Our authenticity-obsessed culture suggests that we should “be ourselves” all the time. If you’re not familiar with what “authenticity” really means, it can sound like a phrase of the week similar to “find your passion.” However in our society people are shifting and much more able to sniff out exaggerations, and inauthentic marketing.
Authenticity for brands
It is now a best practice for companies to engage with customers on a human level, person to person. For example, lots of solo-preneurs with personal brands are changing their messaging from “we” to “I” to own the fact that it’s just them running the business. I’ve also seen a lot of customer service chats that communicate that customer service reps are real people, not computers, in U.S. cities.
This represents a shift from “push” marketing (talking at consumers and pushing a message) to what some call “pull” marketing (engagement). Brands and companies need to find their niche or community and be authentic (values-driven, transparent, and connected) to their target audiences.
Authenticity for life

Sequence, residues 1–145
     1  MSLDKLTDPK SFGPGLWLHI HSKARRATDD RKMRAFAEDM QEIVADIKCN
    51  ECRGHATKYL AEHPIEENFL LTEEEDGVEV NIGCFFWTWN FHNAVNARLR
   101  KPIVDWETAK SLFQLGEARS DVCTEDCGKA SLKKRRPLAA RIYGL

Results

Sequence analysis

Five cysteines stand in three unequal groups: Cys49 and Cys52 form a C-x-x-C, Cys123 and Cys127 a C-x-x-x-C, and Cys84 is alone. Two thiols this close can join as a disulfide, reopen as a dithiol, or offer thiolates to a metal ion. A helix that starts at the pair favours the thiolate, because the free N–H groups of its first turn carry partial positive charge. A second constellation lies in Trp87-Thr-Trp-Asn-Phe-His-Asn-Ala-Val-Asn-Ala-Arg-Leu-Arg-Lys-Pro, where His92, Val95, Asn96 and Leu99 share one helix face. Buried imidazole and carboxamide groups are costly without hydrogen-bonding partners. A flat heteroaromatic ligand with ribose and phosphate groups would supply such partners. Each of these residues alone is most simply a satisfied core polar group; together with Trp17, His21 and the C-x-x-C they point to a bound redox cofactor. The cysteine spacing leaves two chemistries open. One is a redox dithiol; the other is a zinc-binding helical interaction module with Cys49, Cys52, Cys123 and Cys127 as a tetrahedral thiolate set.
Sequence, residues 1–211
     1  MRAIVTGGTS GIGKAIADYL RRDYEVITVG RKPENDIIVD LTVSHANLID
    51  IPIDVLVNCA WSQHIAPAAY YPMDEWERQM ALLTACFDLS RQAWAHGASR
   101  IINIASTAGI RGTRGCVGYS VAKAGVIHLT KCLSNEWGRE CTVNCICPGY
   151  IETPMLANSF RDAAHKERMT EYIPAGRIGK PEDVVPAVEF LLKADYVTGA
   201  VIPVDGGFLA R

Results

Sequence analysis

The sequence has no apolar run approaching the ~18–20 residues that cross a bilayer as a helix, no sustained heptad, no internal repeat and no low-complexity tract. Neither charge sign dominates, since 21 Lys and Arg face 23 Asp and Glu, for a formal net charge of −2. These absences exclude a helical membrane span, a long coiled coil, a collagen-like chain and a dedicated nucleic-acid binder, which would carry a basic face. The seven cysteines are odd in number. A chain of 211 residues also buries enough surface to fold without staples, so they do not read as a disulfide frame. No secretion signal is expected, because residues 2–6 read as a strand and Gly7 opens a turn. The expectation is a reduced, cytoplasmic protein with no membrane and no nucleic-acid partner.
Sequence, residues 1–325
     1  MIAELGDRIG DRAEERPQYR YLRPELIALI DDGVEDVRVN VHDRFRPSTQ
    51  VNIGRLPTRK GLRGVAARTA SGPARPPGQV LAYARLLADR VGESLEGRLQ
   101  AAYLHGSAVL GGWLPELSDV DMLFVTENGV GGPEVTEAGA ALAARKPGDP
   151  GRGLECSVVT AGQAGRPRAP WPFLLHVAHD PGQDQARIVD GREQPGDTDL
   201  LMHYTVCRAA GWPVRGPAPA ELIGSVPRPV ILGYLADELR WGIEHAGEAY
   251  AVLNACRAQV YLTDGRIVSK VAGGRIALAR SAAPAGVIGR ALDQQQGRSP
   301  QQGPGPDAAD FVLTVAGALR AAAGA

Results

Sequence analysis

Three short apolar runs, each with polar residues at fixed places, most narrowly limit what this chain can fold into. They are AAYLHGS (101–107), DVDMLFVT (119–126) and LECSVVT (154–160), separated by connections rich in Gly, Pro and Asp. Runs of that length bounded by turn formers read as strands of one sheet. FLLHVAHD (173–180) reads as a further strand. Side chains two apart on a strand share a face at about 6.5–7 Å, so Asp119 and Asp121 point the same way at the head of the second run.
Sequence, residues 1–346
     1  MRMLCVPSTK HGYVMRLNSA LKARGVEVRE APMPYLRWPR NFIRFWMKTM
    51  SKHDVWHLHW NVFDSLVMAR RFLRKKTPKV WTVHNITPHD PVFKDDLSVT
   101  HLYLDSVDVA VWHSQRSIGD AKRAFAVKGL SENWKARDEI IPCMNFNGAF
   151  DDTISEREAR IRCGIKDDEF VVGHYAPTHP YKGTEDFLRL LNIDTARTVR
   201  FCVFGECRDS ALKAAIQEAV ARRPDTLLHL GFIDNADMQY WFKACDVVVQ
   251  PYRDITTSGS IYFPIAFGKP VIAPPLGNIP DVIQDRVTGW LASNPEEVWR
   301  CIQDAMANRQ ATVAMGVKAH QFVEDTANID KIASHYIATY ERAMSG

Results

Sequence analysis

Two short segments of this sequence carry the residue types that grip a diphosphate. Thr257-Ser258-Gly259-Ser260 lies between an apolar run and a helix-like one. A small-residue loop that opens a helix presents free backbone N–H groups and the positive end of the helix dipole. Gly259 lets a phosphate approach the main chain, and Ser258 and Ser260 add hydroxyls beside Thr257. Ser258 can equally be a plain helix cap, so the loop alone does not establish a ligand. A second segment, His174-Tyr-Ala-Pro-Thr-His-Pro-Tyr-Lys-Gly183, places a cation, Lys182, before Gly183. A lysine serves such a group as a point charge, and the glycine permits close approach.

On the other hand, being authentic as a human is different from authenticity as a brand. Brands and companies often have clear guidelines on what they stand for, or what they don’t discuss. In contrast, people with personal brands have many facets of their lives where they need to perform and function.
We play a different role in each relationship and in every situation we enter. Being authentic doesn’t mean showing every part of yourself or sharing every part of your experience at all times. Authenticity requires discernment: Consciously choose the authentic parts of yourself you choose to show through your words and actions.
Striving for authenticity in life is a holistic and constant exercise and practice. How do all areas of your life look? Are they full? Are you satisfied? If not, where can you improve? How can you set goals that will improve your life in specific areas? Are there some areas that need more attention than others?